On righting wrongs
Updated: Aug 4, 2021
I was about to be a published author. With a change in status, I thought I might become exempt from making terrible decisions. Nope! Still human.
Losing the Man of My Dreams Living a constant nightmare,
only wide awake and alone,
I closed my eyes often, shutting them tight,
determined and waiting for something that “might”. Replaying him and me in my head now and then,
watching things wrong I spun right—
in horror I viewed them, again and again,
wishing so badly for a more decent end. But the end remained the same,
since my conscious did forget
about me as Venus, him on Mars—
the reason, surely, for our canceled stars.
I realized it all, though it all came too late;
in desperately trying
not to lose what was had,
I lost the very thing, then made it go bad.
You pat my head as I raise my brow,
nodding, yes, all will be all right.
“It’s me I hate for acting weak...”
and with that, the truth did finally leak.
First, there was violence against women in his past,
though he swore it only once;
no thief in the world could remove from you worry
that he’d hit me once, too, if ever in fury.
He had a wife and son, now was raising a daughter;
with that came some grief.
His needs weren’t met, he felt depleted,
so he found himself a mistress, and with his mistress, cheated.
I doubt he ever trusted much
since his women often strayed.
He admitted with suspicions high,
he’d proceed to stalk, and snoop and spy.
I know, I know, my dreams were mistaken.
With me this man had no business nor place.
It’s true he had issues and with them came fault,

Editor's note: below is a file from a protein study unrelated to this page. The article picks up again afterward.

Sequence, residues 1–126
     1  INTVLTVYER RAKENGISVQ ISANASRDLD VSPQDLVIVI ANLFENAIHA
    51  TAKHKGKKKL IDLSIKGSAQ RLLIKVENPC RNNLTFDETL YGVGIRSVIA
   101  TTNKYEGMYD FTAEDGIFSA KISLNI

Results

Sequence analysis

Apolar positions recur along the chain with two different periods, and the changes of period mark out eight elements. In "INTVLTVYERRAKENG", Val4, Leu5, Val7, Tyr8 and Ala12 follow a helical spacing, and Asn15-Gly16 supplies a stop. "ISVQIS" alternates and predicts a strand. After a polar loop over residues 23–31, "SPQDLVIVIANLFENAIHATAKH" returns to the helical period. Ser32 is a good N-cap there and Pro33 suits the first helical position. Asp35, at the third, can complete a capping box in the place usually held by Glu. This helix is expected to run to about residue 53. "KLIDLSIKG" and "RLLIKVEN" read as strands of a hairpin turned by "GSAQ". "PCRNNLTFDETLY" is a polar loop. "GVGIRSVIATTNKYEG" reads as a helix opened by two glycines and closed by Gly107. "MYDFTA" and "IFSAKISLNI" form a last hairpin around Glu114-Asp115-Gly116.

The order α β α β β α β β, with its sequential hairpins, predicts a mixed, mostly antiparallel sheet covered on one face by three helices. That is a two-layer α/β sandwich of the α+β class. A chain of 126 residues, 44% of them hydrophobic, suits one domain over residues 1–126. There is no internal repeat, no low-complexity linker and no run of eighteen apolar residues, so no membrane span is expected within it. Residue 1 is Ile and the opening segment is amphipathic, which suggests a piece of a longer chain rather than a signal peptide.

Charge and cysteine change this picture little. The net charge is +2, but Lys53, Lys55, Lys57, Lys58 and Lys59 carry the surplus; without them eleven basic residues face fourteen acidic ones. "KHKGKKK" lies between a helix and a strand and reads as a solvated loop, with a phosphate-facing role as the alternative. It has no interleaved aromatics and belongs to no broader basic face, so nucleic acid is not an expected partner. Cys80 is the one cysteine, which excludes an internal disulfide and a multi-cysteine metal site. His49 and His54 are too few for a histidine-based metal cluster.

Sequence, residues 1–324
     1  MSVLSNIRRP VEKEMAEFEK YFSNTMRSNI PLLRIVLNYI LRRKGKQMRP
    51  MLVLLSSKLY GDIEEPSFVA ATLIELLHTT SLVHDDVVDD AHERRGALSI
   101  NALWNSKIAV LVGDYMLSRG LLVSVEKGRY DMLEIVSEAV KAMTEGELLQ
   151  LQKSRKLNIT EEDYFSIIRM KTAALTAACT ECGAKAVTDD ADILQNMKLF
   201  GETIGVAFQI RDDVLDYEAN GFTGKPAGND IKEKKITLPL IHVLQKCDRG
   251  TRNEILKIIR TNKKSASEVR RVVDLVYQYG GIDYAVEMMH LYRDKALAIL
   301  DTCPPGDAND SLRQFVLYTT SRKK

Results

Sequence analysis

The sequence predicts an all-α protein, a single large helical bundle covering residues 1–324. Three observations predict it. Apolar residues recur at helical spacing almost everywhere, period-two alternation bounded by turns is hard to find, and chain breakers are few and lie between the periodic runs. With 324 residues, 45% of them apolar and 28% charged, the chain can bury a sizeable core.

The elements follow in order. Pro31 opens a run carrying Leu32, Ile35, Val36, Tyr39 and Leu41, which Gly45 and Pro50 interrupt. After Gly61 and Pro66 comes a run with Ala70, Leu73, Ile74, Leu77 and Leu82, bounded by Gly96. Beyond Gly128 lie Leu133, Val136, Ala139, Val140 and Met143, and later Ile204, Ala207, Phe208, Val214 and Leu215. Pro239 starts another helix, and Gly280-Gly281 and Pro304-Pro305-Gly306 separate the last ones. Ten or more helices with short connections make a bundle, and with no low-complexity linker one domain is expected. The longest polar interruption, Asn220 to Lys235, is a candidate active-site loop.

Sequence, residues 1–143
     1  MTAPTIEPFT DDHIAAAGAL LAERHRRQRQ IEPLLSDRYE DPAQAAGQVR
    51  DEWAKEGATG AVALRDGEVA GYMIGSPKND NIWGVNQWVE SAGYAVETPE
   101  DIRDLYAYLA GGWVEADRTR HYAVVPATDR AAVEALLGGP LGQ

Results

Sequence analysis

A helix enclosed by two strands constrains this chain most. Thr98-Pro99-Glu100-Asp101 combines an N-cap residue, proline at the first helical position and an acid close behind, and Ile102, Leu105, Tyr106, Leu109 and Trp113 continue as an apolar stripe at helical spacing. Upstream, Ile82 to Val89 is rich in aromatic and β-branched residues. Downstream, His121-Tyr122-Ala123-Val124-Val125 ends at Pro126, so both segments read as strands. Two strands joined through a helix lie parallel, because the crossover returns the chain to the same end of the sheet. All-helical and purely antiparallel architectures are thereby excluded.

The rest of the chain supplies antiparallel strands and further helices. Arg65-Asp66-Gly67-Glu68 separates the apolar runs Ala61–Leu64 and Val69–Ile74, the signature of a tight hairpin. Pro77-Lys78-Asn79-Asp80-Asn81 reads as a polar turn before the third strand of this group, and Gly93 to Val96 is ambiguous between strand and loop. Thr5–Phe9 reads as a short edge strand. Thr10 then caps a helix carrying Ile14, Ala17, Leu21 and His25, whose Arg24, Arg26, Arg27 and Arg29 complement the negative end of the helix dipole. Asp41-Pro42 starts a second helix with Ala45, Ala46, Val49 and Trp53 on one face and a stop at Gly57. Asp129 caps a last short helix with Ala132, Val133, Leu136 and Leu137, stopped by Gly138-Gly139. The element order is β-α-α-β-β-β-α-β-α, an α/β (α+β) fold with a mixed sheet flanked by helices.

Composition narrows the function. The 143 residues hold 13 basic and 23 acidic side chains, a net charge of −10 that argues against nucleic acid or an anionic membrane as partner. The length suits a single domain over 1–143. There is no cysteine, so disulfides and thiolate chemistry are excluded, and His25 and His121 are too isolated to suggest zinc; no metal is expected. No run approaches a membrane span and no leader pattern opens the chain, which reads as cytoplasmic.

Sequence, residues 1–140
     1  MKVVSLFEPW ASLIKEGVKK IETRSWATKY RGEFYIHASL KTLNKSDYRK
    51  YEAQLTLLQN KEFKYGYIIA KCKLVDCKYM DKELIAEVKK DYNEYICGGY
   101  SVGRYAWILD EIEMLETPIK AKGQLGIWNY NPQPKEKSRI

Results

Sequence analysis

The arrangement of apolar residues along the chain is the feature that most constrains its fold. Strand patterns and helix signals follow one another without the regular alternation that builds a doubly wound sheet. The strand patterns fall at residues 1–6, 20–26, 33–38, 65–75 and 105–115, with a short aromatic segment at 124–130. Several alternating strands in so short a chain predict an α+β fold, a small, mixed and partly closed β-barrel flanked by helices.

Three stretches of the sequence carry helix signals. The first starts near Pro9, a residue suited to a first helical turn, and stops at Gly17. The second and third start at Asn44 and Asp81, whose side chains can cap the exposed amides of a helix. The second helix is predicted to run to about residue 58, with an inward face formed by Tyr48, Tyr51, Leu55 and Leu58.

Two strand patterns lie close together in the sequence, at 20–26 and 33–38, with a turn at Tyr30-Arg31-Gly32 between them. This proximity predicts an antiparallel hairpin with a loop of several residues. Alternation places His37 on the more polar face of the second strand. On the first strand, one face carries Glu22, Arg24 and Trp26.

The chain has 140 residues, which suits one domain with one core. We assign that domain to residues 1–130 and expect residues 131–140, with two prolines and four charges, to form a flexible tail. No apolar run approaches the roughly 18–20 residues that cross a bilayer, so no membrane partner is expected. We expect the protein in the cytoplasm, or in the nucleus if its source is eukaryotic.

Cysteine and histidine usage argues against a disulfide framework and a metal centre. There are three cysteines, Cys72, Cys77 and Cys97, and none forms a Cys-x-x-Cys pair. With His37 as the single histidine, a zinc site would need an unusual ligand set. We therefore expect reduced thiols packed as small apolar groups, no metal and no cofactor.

but he still had my heart locked away in a vault.
Rest assured, though, I recovered—
with the key and with it pride.
Now I sleep more soundly every night
after learning how wrong for me was this same Mr. Right.
Mistakes happen whether you're three, thirteen, thirty-three, sixty-three, or ninety-three. However, if you beat yourself up over them too hard and too often, it may become more difficult to recover (especially at ninety-three, I imagine).
Stress is real. And it's bad for you. So, let some things slide. Relationships are difficult at any age. Even lasting ones. Especially loving ones.
People are tough!
To add to pre-existing human complexities, the dating scene is constantly evolving. You may find yourself humbled once you realize you're not immune to the euphemism, "Netflix and chilling", after attempting to watch a movie with a person having other activities in mind. (Note: An extra large bowl of popcorn acts as a nice barrier.)
It's okay to own some naiveté in your lifetime. Simply chalk up your previous lack of judgment to being pretty normal, and do better next time. (Your ninety-three year-old self will thank you!) However, if you find yourself on the brink of being dangerously naive, try reading a related book, seek out a helpful podcast, attend a workshop, join a support group or interest-based group (you can find tons on Meetup.com), or talk to a trusted family member or friend (or professional)!
Your condition is likely treatable while we all await a cure for our reluctant mishaps.
It was music at first sight for featured artist of the week, Kristina and Alexandre. As of September 2015 they have created six albums, ranging from a Requiem to instrumental music for yoga. They compose playful tunes for children and even mastermind romantic and existentialist themes for adults. All are born of deep friendship between the artists, a love of language (Latin, Lithuanian, French, English etc.), and close collaborations with friends who happen to be poets. Their original compositions have a distinctive musical personality, charming anyone who lends an ear. Take a deeper look at their discography or join them on Facebook.
The song, Corto Maltese, describes a complex sea captain-adventurer, the antihero—"a rogue with a heart of gold"—from the comic book series of the same name by Hugo Pratt. The refrain asks what love spell has trapped his heart and causes him to run ceaselessly to the edges of the earth in attempts to escape it.